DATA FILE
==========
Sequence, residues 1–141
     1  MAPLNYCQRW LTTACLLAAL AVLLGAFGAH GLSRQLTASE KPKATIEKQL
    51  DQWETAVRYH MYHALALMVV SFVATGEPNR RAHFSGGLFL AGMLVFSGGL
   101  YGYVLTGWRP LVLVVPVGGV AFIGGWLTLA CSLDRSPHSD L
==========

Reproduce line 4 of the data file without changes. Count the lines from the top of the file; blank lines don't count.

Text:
   101  YGYVLTGWRP LVLVVPVGGV AFIGGWLTLA CSLDRSPHSD L